Mr. Coaker: Pursuant to the answer of 21 April 2009, Official Report, column 529W, I restate that we have made our intention clear to bring Sixth Form Colleges within the scope of the Building Schools for the Future programme. That remains our position. We will make the details clear as soon as we are able.
Richard Burden: To ask the Secretary of State for Children, Schools and Families what progress has been made on Building Schools for the Future projects (a) in progress and (b) planned in Birmingham; and what projects have been completed in Birmingham. 
With regards to projects in progress-the five sample schools in Birmingham's Wave 2 BSF project (which consists of 11 schools and eight academies in total) are due to start construction on or before financial close has been reached. This is scheduled to take place before the end of August 2009. The first schools in this wave are scheduled to open at the start of 2011.
A further 14 schools will be delivered through Birmingham's Wave 5 BSF project. This project is progressing well, with the local authority currently finalising its education strategy. The first schools in this wave are currently scheduled to start construction at the end of 2010 and open in 2012.
Birmingham also has a number of follow-on projects which are not yet active in BSF. These projects will deliver the remaining schools in the local authority. No BSF projects have yet been completed in Birmingham.
Mr. Gibb: To ask the Secretary of State for Children, Schools and Families what his most recent estimate is of the funding to be allocated to the Building Schools for the Future programme for (a) 2009-10 and (b) 2010-11.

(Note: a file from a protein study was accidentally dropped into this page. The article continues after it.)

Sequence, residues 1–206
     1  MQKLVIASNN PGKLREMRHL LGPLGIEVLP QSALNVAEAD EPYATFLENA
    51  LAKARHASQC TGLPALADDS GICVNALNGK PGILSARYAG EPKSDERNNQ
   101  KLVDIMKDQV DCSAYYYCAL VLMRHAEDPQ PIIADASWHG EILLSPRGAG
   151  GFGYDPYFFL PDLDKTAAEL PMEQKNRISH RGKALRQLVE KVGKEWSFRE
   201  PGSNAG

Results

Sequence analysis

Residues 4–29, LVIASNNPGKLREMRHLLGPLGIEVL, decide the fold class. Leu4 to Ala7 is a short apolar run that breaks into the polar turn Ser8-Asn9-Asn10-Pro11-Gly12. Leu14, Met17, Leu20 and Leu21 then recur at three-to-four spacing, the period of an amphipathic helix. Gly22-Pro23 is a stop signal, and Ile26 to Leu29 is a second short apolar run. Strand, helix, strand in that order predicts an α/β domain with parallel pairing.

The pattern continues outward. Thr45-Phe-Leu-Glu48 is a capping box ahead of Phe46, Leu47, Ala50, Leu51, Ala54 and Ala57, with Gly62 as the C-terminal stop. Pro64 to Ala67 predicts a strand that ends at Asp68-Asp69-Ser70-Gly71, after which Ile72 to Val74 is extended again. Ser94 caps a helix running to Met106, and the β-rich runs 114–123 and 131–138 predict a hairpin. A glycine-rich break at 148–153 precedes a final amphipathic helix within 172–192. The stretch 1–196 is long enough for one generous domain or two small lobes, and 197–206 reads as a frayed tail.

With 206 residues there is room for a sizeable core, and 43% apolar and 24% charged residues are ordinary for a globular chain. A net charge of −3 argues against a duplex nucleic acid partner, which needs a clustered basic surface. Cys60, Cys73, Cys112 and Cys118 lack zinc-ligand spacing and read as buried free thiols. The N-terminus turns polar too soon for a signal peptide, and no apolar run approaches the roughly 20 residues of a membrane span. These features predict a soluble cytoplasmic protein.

Mr. Coaker: Resources from comprehensive spending review 2007 provided £9.3 billion for the building schools for the future and academies programmes for the period 2008-09 to 2010-11. This was made up of £3.7 billion PFI credits, and £5.6 billion of capital grant. £1.1 billion of capital grant was spent in 2008-09, with the balance to be allocated over the remaining two years, the timing of which will depend on the achievement of project milestones.
Adam Price: To ask the Secretary of State for Children, Schools and Families how many children have been placed in care in the last five years; and what proportion were returned to their parents within two months. 
Mr. Coaker: Information on the number of children that have been placed in care in the last five years and the proportion that returned with their parents within two months can be found in the following table.